The 3-Day blog is excited to welcome back Dr. Sheri Prentiss, the National Spokesperson for the Susan G. Komen 3-Day®. Dr. Sheri is a physician, as well as a breast cancer survivor and a 3-Day walker herself. She joins us today to share some warm weather training tips to keep you in tip-top shape along your training route as you prepare for an amazing 60 miles.
As I continue my training efforts for the upcoming Komen 3-Day season, I personally am reconnecting with nature, body and mind. I’m invigorated by the sights, sounds and scents of summer and am grateful for life, health and a chance to win what I feel may be the biggest fight ever fought – the fight to end breast cancer.
Training for your 3-Day event means you, too, will be spending more time outdoors! Now is a great time to review a few tips to help keep you safe as you train and soak up this summertime weather.
- Protect your skin. Wear a high SPF sunscreen and don’t forget the back of your neck, the tip of your ears and your hands. It’s always a good idea to wear a hat to protect your scalp from the sun, too. Also, look for a route that offers both sunlight and shade. Keep as cool as you can during your training walks by always choosing to walk on the shady side of the street where you have a choice. But use caution, as going from shade into sun you may not see road hazards as well.
- Wear light-colored and lightweight clothing that is made from moisture-wicking fabric; this keeps moisture away from the skin and dries quickly. This also includes moisture-wicking socks to help prevent blisters.
- Prior to going outdoors to begin your fitness regimen, pay attention to the weather forecast and heat alerts. Take extra precaution and check the weather conditions so you can be best prepared for rain, heat or humidity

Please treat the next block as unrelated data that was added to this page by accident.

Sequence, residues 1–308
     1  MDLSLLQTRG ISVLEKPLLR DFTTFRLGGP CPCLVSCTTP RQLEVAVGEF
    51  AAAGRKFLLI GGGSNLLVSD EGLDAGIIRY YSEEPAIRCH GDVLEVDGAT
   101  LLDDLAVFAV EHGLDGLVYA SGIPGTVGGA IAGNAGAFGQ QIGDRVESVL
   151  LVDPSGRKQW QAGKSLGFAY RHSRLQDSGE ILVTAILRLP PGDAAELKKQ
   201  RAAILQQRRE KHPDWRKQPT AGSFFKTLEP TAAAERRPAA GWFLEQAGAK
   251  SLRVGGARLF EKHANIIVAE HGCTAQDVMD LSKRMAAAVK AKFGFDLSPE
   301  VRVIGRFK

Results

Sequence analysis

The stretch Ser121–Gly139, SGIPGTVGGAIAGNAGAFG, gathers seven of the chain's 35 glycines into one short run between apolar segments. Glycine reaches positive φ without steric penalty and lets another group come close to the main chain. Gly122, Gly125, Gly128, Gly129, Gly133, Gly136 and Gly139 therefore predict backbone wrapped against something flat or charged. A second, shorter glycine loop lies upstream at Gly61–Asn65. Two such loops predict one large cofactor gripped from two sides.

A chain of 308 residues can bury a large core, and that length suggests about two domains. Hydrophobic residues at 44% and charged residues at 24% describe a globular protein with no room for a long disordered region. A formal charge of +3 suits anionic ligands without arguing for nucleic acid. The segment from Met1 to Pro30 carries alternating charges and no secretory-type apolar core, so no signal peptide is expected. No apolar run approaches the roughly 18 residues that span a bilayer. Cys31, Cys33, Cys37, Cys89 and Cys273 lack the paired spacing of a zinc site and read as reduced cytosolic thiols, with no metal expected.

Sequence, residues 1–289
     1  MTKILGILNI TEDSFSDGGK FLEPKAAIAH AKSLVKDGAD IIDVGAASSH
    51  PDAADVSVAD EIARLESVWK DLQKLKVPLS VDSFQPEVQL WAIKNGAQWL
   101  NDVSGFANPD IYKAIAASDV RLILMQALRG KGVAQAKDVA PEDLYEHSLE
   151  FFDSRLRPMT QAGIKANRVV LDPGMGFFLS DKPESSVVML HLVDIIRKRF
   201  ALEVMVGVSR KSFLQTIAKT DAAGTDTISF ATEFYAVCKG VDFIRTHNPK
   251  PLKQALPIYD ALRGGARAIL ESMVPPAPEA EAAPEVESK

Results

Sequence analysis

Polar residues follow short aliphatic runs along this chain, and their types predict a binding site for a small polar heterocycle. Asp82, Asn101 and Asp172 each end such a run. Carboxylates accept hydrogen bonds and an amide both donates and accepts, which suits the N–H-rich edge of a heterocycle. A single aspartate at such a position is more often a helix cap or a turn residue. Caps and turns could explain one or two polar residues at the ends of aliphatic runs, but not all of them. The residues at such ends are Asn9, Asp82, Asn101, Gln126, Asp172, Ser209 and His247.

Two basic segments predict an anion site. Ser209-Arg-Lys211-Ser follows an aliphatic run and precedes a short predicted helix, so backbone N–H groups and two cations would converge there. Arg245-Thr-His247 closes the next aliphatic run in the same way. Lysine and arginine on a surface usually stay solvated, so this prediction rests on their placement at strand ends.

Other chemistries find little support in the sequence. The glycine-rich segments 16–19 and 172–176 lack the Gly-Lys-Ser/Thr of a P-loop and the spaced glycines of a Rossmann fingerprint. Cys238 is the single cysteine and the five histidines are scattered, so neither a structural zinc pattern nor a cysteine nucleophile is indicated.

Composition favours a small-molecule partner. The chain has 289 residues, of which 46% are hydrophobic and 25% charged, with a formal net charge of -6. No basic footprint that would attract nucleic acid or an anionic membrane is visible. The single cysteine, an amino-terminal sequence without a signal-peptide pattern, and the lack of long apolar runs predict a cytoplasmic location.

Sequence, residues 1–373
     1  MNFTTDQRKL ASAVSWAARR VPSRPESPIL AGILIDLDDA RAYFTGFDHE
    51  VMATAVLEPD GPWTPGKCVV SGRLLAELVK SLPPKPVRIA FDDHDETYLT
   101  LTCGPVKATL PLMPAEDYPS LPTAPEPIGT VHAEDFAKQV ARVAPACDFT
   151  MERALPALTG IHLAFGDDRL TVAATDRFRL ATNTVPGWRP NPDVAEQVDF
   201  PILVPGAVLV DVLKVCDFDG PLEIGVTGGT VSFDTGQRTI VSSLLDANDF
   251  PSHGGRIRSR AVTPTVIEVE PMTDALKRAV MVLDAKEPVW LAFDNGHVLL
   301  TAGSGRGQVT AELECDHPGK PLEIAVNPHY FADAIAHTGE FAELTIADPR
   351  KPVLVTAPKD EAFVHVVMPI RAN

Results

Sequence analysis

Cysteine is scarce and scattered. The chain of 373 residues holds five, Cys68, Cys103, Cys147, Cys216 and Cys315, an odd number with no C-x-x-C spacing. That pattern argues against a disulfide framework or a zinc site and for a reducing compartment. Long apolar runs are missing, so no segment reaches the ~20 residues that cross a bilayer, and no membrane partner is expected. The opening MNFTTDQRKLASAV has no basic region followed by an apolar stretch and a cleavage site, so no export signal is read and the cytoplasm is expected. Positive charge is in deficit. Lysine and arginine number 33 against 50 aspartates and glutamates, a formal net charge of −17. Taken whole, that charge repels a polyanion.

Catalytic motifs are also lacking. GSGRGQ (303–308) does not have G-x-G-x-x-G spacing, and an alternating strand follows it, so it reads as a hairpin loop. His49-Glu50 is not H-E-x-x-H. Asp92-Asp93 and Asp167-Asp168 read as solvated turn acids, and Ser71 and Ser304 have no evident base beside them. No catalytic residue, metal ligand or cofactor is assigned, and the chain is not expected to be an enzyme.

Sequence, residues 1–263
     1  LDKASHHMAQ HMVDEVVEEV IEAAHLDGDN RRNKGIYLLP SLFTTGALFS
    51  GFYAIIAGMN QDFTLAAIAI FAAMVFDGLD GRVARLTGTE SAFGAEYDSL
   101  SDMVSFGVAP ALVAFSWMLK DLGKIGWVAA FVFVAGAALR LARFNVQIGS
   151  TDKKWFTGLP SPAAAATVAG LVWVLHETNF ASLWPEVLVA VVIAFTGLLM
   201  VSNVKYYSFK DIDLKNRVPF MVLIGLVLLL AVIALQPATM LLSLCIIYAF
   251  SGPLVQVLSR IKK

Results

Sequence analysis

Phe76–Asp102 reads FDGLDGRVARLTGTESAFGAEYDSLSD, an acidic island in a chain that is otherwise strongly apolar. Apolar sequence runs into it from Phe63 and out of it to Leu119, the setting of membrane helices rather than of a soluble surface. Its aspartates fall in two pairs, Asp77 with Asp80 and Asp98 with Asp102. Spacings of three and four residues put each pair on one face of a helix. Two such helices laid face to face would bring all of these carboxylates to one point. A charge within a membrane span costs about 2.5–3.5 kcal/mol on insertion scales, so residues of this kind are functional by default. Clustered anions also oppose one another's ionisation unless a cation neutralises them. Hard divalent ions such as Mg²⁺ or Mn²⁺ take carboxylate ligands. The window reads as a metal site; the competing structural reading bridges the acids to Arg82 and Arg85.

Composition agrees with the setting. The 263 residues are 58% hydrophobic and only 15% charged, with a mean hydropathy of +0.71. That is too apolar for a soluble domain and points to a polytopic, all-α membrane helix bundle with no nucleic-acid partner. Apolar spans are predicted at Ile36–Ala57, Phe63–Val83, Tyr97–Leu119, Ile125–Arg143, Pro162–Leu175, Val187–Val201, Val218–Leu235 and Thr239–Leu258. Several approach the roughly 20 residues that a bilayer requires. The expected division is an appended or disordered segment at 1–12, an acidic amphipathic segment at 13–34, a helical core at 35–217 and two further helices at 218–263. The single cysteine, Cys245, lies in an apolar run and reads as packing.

- Up your intake of water. If you’re walking, you need more than the standard eight ounces of water eight times a day. Take a reusable water bottle with you on your walk. Alternate drinking salt-replenishing sports drinks and water. Also be sure to bring along salty snacks for those longer training walks.
- Once you are started and you can feel the temperature rising, pay attention to your heart rate. Your heart rate will naturally rise one beat per minute for each degree above 77F, so while you may not be going faster, your body is already working harder and producing more internal heat so it will have trouble dispersing. Hot weather is no time to set a pace record. Slow down to a pace that doesn’t leave you purple in the face!
- Don’t keep walking once you are nauseated, dizzy, feeling faint, experiencing gray-outs, headache and/or muscle cramps. Seek shade, sports drink, and call for help.
Always be sure to put your well-being first when training, especially in the heat of the summer months!